In this Behind the Headlines podcast episode, OBJ publisher Michael Curran speaks with OBJ editors David Sali and Peter Kovessy about some of the week’s biggest stories and how Ottawa’s business community is adapting to the ongoing economic challenges.
CURRAN: There is a massive new business park planned for Ottawa. Dave, you’ve been looking into this. Tell us what’s happening.
SALI: There is one million square feet of office, warehouse and industrial space planned for construction on 100 acres of land that is owned by the National Capital Commission, near the corner of Hunt Club Road and Highway 417. The application was just recently filed at City Hall by a local real estate investment firm called Avenue31.
The proposal says they want to build a premiere business and industrial park on Russell Road. It would be called the National Capital Business Park and it would be a massive project – six buildings in various sizes, meant to suit the needs of the region's logistics and industrial users.
CURRAN: Last week we heard some predictions about how Ottawa’s residential real estate market might weather the storm in terms of sales. Peter, we now have some numbers for the month of May – tell us how things are looking.
KOVESSY: What’s surprising a lot of people is how Ottawa’s home sale prices are not just holding during the COVID-19 pandemic – the rapid ascent we’ve seen in recent months has continued uninterrupted. In the month of May, the average home sale price increased 11 per cent year-over-year, with the average home now trading for almost $550,000.
CURRAN: Dave, that’s the residential side, of course. What is the commercial side looking like?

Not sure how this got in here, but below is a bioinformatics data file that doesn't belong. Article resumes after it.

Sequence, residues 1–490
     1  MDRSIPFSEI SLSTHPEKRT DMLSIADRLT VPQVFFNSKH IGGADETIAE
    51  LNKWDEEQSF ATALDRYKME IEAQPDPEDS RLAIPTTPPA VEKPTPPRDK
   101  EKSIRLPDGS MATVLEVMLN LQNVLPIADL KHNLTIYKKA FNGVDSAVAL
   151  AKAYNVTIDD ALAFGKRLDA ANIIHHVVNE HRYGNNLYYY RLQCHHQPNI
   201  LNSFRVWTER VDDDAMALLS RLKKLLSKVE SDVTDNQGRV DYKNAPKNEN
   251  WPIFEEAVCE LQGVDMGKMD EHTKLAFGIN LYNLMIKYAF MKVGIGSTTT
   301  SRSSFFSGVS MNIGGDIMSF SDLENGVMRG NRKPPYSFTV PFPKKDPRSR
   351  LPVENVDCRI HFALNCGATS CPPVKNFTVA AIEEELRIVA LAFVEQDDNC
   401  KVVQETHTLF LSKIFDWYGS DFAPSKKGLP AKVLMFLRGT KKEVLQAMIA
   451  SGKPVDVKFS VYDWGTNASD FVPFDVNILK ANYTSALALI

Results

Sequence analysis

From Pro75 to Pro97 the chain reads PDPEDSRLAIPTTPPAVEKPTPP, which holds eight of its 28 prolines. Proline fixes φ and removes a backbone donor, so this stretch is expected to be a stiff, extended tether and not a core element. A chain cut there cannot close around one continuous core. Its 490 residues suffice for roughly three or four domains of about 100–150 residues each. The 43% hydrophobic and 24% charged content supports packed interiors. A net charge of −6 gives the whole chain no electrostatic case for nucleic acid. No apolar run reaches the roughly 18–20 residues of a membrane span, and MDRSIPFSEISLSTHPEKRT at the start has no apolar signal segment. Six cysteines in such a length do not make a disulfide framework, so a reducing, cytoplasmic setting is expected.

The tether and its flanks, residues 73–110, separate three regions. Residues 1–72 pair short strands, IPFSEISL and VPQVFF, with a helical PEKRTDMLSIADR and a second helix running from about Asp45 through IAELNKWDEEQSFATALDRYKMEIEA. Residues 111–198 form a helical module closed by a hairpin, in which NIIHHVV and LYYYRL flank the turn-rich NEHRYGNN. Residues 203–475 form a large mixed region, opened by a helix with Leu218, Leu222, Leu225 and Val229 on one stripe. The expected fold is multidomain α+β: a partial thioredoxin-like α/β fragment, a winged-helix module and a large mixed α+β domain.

SALI: Earlier this week I spoke with Bruce Wolfgram from Proveras. He said the market is actually holding up quite well despite a bit of a downturn in the economy. He says there is a certain amount of anxiety among landlords and tenants, which you might expect, as no one is sure where the economy is headed or how quickly it will recover. But despite that, there has been no shortage of interest in vacant office properties in Ottawa.
CURRAN: Peter, we’ve seen a real uptick in the use of sharing platforms lately. Can you tell us what’s happening in that market, particularly in recreational vehicles?
KOVESSY: We’ve been seeing two real trends here. One of the main storylines we’ve been seeing is that tourism this summer is going to be focused on domestic tourism, people staying close to home and road trip vacations and renting RVs from services such as RVezy or Ruckify.
The other part that is interesting about the peer-to-peer business model is that there are a lot of households who may be under financial pressure who may be looking out in the driveway and seeing an RV, and seeing the opportunity to put that up for rent and generating a bit more income.